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  • Jul 15th, 2010 @ 10:36am

    Reposting this from Slashdot because its too good:

    Up until high school, I spent my entire life locked into an ideal Norman Rockwell painting. No cares, no worries and just high on life. Things took a turn for the worse one day when I picked up an 288 tuning fork and a 320 tuning fork. I struck them both against my leg and held one up near either ear.

    It was pure bliss. Like Jesus was just 32 hertz away from me. I wish I could describe the feeling. Like half of all the blades of grass in the universe were hummingbirds and the other half were bumble bees.

    Let's see--I was a freshman at that time. Yeah, things just went downhill from there. I had earrings made with a tuning fork hanging from each one. The left side was A440 and the right side was a custom 444. I could raise my fingers to either lobe and flick it for instant gratification. The other kids called it ear basing. I called it god. And he was just nineteen dollars and eighty cents on Amazon []. By my sophomore year I was already pretty hard into Fourier transforms. Everyone's tympanic membrane had a bifurcation sweet spot that could be exploited with the right theoretical frequencies. Yeah, we would rent middle of nowhere motel rooms to smelt hematite down into custom tuning forks and poor them into clay molds in the bathtub. We paid in cash and by the time the cleaning made hit the room it was slag burns in the carpet and clay all over the place. You probably remember the 20/20 investigations following all the reports.

    Shit got real heavy real quick and one day we found Scrye (nickname for the metallurgist) hemorrhaging blood out of his ears in a coma from strapping two subwoofers to either side of his head with duct tape. I knew I had to get out, but how?

    We gathered up all our text books on math, audio & music theory, physics, chemistry, electronics and metalworking and burned them in the parking lot of the hospital we brought Scrye to. I would never read about science again.

    Parents, heed the images of those children getting 'innocent' highs from sounds and make sure they don't make the same mistake I did. This is just a gateway to bigger and badder things. If you find literature on Fourier Analysis, Electronics or Calculus in your child's bedroom, please get your child to Oklahoma and get them help from the nearest minister. I don't care if you have to lock them up in the basement against their will. Just make sure you save them from the same fate as I ... COMPLETE EAR DESTRUCTION!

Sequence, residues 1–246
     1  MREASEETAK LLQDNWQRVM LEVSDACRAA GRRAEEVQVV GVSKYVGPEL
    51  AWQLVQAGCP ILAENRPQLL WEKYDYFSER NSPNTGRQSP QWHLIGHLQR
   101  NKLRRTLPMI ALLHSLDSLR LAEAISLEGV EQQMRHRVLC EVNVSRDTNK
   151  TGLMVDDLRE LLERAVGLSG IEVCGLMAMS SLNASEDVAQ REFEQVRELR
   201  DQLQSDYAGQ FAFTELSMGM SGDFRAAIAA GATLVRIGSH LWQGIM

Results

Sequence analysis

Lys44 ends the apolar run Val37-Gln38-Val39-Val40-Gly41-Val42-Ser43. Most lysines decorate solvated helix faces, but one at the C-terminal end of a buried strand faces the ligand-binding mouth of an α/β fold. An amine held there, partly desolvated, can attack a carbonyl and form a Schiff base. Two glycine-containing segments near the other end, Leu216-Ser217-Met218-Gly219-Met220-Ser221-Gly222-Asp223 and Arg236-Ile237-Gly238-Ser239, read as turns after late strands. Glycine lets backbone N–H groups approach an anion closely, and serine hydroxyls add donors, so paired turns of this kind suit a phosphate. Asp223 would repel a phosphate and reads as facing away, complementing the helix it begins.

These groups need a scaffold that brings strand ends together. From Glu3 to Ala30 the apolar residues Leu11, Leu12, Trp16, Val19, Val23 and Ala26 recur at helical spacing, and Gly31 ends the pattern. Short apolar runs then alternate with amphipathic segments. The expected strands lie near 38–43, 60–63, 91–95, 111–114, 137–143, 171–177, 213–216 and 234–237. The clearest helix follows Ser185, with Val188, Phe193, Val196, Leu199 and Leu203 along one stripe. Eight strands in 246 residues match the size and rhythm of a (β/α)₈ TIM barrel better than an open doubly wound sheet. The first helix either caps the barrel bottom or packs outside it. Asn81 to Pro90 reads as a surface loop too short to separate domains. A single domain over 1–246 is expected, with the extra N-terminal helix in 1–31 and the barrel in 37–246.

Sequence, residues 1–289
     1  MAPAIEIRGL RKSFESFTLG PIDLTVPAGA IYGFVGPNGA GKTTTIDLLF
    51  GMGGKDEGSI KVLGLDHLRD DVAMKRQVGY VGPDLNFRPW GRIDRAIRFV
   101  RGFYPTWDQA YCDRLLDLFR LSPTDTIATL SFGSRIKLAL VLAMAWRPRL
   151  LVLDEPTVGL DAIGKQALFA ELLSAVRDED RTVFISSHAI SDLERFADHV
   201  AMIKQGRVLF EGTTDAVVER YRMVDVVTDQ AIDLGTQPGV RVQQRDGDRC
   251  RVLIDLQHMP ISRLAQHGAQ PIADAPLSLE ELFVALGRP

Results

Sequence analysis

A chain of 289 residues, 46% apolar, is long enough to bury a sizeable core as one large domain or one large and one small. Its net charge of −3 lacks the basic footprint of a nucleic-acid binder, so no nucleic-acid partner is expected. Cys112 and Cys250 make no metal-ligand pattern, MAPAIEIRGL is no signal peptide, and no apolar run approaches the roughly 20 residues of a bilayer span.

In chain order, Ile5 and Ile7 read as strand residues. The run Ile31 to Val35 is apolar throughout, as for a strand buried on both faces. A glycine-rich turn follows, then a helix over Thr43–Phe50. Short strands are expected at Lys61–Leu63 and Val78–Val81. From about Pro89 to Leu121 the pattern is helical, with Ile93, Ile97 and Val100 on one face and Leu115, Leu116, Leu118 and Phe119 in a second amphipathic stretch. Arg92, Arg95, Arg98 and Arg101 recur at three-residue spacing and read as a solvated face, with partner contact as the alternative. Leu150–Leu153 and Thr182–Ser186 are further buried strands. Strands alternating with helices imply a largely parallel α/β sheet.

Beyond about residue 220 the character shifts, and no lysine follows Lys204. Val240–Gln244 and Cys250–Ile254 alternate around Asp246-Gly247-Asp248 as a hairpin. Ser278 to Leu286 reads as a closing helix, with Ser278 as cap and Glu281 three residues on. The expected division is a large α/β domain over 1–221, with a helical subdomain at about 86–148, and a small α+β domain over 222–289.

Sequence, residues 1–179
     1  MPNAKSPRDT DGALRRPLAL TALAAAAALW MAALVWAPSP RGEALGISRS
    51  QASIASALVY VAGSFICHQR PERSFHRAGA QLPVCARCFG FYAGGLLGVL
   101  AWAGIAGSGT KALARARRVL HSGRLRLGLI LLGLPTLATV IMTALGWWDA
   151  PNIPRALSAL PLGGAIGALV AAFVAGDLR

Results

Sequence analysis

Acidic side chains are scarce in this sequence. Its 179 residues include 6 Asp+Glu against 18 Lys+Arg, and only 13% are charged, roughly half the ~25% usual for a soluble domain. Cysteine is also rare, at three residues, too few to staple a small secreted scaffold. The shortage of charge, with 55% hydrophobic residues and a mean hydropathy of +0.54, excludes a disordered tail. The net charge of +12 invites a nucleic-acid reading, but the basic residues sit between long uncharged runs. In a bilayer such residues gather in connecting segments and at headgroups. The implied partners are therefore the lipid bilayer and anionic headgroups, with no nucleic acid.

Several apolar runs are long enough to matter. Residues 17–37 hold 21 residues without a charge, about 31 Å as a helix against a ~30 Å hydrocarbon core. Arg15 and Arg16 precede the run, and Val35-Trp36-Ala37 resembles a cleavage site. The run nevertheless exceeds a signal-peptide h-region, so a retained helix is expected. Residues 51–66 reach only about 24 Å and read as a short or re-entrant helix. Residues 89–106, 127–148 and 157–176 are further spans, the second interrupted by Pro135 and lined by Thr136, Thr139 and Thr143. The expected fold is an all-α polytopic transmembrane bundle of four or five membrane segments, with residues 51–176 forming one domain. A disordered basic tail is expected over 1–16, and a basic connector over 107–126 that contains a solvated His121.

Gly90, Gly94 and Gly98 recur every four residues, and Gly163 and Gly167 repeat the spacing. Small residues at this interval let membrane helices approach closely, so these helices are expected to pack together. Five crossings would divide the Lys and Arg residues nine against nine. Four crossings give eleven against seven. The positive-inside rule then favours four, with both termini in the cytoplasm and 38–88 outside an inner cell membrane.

Again, not my work and I take no credit for eldavojohn's story.

  • Aug 14th, 2009 @ 5:49pm


    I found this site linked numerous times from other sources, found the articles well written and with a lot of thought. The community discussions are generally intelligent, and eventually became a regular.

    The point Mike makes in this post is exactly what the AP, etc. don't seem to grasp. I dare say this is one of the best posts I've read here simply because it so clearly explains the linking culture mentallity.

  • Jul 14th, 2009 @ 12:56pm

    (untitled comment) (as Joe K)

    I see this more as play by Pandora to ultimately get the new rates thrown out or lowered.

    If Pandora is successful in convincing the right people that all broadcasters, regardless of method of broadcast should pay the same rate, the traditional broadcasters more powerful lobby would have more luck in negotiating lower rates.

    I'm probably way off, but that's how I would like to see it play out.

  • Mar 26th, 2009 @ 8:18am

    Re: Re:

    From my admittedly modest familiarity with whole disk encryption, they can take the laptop and boot it, but without the passwords are unable to login (except of course if they brute-force their way in). the encyrption will prevent someone from connecting the drive to a different machine and reading it, or using one of the utilities that read Windows passwords and display them on the screen.

    Assuming they are using decent encryption.